Case Study: Great Forest Helps Multinational Conglomerate Move Towards 95% Circularity


Multinational Conglomerate with Facilities Worldwide


Great Forest identified circular solutions for waste streams being handled linearly for several of the global manufacturer’s facilities in the U.S., Europe, and in the Middle East.  The recommended strategy would enable the company to reach its goal of over 95% circularity across its portfolio.


This global manufacturer asked Great Forest to help them reach their goal of closing the loop on waste that was being handled linearly.  

Great Forest Solution

The team analyzed site operations, collaborated with waste vendor partners, and researched global materials markets to find creative, closed-loop solutions specially tailored to meet each location’s unique set of regulatory requirements, vendor capabilities, and infrastructural challenges.

  • Waste Stream Analysis

Great Forest conducted on-site waste stream assessments at several of the company’s manufacturing sites to gather data on the linearly handled waste streams and determine the average proportion of the linear waste stream for each material at the commodity level. The team observed operations, conducted interviews with company staff as well as local haulers, and audited –-including sorting, weighing, and categorizing–non-circular waste streams.

A report was then produced for each manufacturing site investigated, giving the company a firm understanding of their waste stream breakdown and possible solutions. The findings were used to develop recommendations for circular solutions tailored for each location.

  • Zero Waste Opportunities Assessment

Great Forest provided Zero Waste opportunities assessments based on the company’s waste tracking and linear stream breakdowns from the waste audits. The team researched the materials markets and identified two to four solutions for each non-circular commodity in accordance to local regulatory requirements and local capabilities for each location.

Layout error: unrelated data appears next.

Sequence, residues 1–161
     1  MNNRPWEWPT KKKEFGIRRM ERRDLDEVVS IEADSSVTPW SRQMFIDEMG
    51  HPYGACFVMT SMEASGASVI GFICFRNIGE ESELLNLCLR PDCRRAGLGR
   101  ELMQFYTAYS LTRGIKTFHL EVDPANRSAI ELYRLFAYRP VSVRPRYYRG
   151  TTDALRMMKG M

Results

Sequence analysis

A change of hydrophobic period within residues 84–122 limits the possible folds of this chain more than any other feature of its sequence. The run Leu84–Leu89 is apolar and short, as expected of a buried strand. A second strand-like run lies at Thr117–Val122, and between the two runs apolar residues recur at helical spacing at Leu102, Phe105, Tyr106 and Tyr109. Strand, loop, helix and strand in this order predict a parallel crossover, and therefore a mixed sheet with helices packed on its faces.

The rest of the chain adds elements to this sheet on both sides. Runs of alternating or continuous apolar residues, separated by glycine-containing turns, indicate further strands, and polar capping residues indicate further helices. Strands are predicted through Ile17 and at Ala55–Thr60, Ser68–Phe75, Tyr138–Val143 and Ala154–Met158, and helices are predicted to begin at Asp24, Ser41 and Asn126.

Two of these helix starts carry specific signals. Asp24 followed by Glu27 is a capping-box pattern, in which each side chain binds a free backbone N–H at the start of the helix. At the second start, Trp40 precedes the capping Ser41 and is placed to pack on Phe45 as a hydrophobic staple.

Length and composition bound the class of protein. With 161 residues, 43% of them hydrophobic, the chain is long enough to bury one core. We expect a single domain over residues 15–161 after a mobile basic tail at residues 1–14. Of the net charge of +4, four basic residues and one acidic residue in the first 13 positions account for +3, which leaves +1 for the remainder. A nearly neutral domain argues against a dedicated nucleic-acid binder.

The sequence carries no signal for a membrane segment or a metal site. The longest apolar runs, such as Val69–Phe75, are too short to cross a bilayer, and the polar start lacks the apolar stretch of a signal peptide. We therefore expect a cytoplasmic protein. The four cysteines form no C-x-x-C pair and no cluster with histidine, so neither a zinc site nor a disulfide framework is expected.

The recommendations focused on keeping materials in the economy through recycling, reuse, repurposing, composting, donation, supplier take-back arrangements, and other diversion methods, including efforts to prevent and reduce waste generation in the first place. Examples of recommendations delivered included:

  • Improving material separation by increasing the number and types of waste collection bins at centralized collection stations to avoid mixing different types of plastics and metals.
  • Bringing current diversion programs up to efficiency to stop recyclables, including organics, ending up in the trash stream. For example, recommendations at one site included placing bins to capture the large amount of used paper towels, which Great Forest investigators found could be recycled by the manufacturer. 
  • Creating a sustainable system and mindset that would keep improvements going and prevent a backslide. These included recommendations to management to form a Green team, capacity building with education and training, and infrastructure investments that included equipment upgrades, and a weather-tight secure location for household hazardous waste such as batteries, paint, and solvents.


Our recommendations outlined a strategy that would enable the company to reach its goal of over 95% circularity across its portfolio, and eventually work towards closing the loop completely and eliminating the concept of waste from its operations and manufacturing. 

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